The plan would raise the ceiling on the national debt and spend as much as the combined annual budgets of the Departments of Defense, Education and Health and Human Services.
Let me quote that last part again:
the combined annual budgets of the Departments of Defense, Education and Health and Human Services
From the occupation of New Orleans after Katrina to the financial socialism-for-the-rich we're seeing right now, the Bush Republicans' instincts in a crisis have always been to seize more power. And then -- just wait! -- to demonstrate how enormously unsuited they are to wield it.
And the Democrats, those alleged alternatives? Maybe it's their innate affection for economic intervention, maybe it's just the same spinelessness they've brought to issues ranging from FISA to Iraq, but they don't seem to be objecting to the Paulson plan. ("The consequences of inaction could be catastrophic," says Harry Reid, according to the Bloomberg report I quoted above. The consequences of really stupid actions must not be up for discussion.*) McCain's position on these issues keeps evolving; I expect that at some point next week he'll call for parading short sellers through the streets in dunce caps.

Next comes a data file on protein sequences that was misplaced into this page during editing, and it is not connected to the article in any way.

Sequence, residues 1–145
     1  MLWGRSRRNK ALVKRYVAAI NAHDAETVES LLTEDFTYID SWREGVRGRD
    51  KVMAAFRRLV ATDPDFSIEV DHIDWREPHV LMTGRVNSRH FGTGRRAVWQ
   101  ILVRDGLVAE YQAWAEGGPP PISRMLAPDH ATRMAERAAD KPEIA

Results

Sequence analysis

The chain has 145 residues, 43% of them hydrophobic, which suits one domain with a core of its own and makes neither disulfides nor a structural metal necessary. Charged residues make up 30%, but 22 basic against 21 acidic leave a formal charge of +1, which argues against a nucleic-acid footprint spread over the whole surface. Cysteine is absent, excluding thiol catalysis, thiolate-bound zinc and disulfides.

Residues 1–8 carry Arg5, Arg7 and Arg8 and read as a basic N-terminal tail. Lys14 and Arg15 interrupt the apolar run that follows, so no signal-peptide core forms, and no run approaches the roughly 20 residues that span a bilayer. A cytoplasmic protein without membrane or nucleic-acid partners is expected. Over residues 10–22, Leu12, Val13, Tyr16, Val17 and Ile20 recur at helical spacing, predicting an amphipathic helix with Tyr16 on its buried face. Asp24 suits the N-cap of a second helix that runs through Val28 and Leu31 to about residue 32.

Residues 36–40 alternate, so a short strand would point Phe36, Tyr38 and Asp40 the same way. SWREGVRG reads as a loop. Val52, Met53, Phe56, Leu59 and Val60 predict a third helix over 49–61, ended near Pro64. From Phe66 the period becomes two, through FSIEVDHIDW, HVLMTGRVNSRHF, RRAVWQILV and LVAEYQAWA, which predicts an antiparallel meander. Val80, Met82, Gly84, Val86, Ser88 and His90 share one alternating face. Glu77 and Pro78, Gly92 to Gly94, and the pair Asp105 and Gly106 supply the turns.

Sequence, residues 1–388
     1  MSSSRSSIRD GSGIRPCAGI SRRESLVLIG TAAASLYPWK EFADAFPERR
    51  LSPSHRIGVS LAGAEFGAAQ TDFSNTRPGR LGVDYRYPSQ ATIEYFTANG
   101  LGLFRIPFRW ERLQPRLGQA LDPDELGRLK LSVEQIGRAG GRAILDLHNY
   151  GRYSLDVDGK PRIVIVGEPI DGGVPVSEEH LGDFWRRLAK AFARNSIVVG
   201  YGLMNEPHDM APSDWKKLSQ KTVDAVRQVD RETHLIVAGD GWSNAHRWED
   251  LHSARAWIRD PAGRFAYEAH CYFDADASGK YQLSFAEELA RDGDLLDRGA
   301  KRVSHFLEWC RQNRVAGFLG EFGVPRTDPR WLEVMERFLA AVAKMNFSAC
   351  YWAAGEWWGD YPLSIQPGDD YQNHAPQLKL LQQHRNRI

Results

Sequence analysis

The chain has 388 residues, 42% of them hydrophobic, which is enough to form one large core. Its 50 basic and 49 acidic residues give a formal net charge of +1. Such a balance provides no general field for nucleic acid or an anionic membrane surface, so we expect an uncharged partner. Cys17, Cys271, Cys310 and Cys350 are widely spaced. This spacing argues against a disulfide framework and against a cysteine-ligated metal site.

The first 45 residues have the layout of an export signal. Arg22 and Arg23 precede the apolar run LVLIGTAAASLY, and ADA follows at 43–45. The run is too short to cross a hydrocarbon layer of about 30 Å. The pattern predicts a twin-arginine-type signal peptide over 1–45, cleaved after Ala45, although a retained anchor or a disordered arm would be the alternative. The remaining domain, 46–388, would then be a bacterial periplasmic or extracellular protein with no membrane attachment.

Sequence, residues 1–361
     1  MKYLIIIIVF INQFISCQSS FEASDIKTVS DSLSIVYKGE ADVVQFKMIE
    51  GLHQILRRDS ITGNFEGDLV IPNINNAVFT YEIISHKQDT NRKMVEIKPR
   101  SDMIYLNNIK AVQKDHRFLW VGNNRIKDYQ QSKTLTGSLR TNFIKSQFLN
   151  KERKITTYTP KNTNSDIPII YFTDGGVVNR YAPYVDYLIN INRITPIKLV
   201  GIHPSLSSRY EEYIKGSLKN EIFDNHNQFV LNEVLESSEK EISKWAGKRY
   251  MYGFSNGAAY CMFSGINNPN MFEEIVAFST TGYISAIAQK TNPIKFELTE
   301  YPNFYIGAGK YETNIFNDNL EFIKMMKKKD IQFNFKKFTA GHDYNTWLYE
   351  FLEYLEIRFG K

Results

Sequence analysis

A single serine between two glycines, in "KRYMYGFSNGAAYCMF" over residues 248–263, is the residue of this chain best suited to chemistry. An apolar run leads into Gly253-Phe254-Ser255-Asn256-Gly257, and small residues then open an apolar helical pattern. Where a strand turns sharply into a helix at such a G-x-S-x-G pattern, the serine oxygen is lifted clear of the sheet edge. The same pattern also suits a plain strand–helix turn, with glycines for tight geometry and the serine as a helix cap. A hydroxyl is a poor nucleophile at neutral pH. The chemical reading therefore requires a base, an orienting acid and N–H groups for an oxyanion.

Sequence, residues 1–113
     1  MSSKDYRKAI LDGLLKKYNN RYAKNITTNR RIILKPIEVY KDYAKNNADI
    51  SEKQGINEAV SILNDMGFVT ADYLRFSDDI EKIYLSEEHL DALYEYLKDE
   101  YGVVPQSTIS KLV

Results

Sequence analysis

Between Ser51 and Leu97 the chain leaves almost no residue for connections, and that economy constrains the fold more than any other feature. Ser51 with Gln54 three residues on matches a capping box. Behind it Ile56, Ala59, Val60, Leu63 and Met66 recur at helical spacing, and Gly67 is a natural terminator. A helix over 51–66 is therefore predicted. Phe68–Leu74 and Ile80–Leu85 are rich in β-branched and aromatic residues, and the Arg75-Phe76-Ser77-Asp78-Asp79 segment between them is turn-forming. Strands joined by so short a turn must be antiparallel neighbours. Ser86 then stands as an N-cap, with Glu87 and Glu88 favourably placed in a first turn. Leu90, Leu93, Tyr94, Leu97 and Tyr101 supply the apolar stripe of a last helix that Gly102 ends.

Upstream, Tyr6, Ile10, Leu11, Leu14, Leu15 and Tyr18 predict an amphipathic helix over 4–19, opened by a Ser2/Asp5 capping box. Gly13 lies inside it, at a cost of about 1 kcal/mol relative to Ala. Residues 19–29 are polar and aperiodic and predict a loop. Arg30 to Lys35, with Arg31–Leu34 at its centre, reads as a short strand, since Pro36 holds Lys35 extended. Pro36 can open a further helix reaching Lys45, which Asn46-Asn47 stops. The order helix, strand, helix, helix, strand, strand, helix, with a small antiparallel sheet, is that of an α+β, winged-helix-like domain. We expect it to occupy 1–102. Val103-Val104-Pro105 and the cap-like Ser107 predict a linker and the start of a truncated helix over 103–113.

Haven't we heard all these years that national health care was an extremely risky and dangerous undertaking because of what happens when the Federal Government gets too involved in an industry? What happened in the last month dwarfs all of that by many magnitudes.
The Treasury Secretary is dictating to these companies how they should be run and who should run them. The Federal Government now controls what were -- up until last month -- vast private assets. These are extreme -- truly radical -- changes to how our society functions. Does anyone have any disagreement with any of it or is anyone alarmed by what the consequences are -- not the economic consequences but the consequences of so radically changing how things function so fundamentally and so quickly?
Other countries are debating it. The headline in the largest Brazilian newspaper this week was: "Capitalist Socialism??" and articles all week have questioned -- with alarm -- whether what the U.S. Government did has just radically and permanently altered the world economic system and ushered in some perverse form of "socialism" where industries are nationalized and massive debt imposed on workers in order to protect the wealthiest. If Latin America is shocked at the degree of nationalization and government-mandated transfer of wealth, that is a pretty compelling reflection of how extreme -- unprecedented -- it all is.